[0025] One or more metallic snap connectors, permanent or detachable electrical couplings, and/or other type of connection means is/are preferably provided on the electrode 100 for attaching the electrical stimulator 110 to the electrode. The stimulator 110 and/or an intermediate connector strap component preferably comprise(s) two or more cooperating contacts 114, such as for example metallic snap connectors, for engaging and forming an electrically conductive connection with cooperating connection means of the electrode 112. In the embodiment shown in FIG. 1, an intermediate connector strap 130 is permanently or detachably connected to the stimulator, and is detachably connected to the garment electrode by snap connectors 114.

[0026] The stimulator and connection system of the present invention are also suitable for use in combination with adhesive single-pole patch electrodes and/or other varieties of electrodes. However, it has been discovered that even localized tissue wounds, such as for example diabetic foot ulcers, are generally symptomatic of circulatory problems in a wider overall area of the body, and that treatment of the entire region of poor circulation is therapeutically more effective at healing the wound and preventing further damage than localized treatment of the wound area only. Without being in any way limited or bound by theory, it is believed that the use of a garment electrode generates an electromagnetic field in and around substantially an entire body portion upon which the garment is worn, stimulating improved circulation throughout substantially that entire body region and promoting healing and prevention of new injury. The Silver-Thera™ (MicroZ™) garment electrodes available from Prizm Medical Inc. of Duluth Ga. are suitable for use in this regard.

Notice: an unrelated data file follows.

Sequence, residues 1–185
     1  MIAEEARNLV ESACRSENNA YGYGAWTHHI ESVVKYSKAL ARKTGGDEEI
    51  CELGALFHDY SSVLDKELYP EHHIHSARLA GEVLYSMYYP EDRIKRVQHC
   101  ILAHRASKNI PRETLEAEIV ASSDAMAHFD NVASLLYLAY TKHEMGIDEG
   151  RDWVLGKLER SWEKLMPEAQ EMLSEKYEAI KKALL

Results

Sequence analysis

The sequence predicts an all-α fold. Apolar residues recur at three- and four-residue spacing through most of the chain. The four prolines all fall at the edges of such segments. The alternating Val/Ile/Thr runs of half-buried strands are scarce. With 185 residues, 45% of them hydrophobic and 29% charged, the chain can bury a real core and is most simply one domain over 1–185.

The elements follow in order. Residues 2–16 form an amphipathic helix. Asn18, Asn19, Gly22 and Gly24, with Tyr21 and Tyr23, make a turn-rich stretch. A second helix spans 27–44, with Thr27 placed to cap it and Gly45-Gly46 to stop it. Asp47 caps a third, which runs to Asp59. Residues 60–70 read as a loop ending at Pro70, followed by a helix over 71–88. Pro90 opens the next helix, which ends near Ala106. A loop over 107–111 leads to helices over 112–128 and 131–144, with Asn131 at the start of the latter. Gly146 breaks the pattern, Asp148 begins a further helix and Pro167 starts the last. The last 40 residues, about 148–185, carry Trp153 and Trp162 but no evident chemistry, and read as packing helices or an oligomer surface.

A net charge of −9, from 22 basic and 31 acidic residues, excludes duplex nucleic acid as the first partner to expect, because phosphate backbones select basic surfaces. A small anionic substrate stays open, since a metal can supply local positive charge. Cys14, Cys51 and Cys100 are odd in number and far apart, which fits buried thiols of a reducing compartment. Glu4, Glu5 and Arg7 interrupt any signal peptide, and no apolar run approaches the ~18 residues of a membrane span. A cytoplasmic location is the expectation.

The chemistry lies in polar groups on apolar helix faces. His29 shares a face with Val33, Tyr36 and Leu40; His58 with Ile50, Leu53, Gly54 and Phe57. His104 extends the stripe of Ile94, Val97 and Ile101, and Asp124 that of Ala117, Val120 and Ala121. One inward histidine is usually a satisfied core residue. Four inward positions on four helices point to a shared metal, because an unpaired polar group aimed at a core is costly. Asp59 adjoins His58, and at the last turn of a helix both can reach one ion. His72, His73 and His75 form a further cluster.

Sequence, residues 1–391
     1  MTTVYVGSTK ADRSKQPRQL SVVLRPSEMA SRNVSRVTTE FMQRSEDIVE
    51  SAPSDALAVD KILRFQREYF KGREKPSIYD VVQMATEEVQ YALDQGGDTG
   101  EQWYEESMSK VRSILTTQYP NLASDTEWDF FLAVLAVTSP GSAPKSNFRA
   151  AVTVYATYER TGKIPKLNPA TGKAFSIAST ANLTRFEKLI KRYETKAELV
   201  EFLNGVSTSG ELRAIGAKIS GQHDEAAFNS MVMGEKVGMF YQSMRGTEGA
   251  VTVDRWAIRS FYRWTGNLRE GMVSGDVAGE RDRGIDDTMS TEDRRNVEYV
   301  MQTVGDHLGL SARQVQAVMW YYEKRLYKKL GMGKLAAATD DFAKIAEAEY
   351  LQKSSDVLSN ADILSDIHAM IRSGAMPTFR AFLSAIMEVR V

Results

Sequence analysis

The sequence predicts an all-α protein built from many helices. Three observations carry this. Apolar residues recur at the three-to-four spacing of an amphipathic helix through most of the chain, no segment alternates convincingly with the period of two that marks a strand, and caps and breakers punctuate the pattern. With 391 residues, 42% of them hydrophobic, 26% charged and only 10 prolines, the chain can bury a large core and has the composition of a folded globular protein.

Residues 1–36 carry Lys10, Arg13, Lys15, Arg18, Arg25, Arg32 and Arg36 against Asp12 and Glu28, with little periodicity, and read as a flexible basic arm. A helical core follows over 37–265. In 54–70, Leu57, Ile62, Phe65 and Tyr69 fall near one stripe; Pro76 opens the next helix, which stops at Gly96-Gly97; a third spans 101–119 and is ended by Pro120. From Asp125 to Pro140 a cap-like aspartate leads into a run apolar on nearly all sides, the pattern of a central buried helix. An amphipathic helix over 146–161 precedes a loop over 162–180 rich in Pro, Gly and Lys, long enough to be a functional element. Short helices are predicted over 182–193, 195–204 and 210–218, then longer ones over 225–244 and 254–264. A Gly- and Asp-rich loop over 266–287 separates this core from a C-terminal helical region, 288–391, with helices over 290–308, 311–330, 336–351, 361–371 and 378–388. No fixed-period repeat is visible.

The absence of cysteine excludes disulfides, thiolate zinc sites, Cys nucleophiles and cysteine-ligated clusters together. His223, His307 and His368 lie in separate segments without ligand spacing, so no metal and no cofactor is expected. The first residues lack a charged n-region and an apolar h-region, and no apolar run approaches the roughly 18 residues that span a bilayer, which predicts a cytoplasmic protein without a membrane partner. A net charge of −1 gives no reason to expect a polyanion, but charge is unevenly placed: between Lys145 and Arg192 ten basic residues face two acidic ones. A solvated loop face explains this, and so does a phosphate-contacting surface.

[0027] The garment 100 is preferably at least partially elastic, and is sized and shaped to provide compression when worn on the intended body part(s) of the subject. For example, garments according to the present invention can be provided in a range of sizes and garment configurations for subjects of virtually any anticipated size and shape. In further preferred and optional embodiments, at least a portion of the garment 100 is sized, shaped and configured to provide gradient compression when worn by the subject. For example, a stocking can be knit to provide a greater degree of compression toward the subject's toes, and progressively lesser degrees of compression toward the upper open end of the stocking. Gradient compression can be achieved by varying the fiber content or knit of the garment, and/or by tapering the shape of the garment to provide a tighter fit (i.e., greater compression) in one portion and a looser fit (i.e., less compression) in another portion. In other embodiments of the invention, a conductive garment without compression features may be applied to a body part in combination with a standard non-conductive compression or gradient compression garment, for example by layering the compression garment over the conductive garment. For ease of use, the compression garment is optionally permanently or releasably attached to the conductive garment in their layered configuration, as by stitching, adhesive, snaps, buttons, hook-and-loop materials, and/or other attachment means.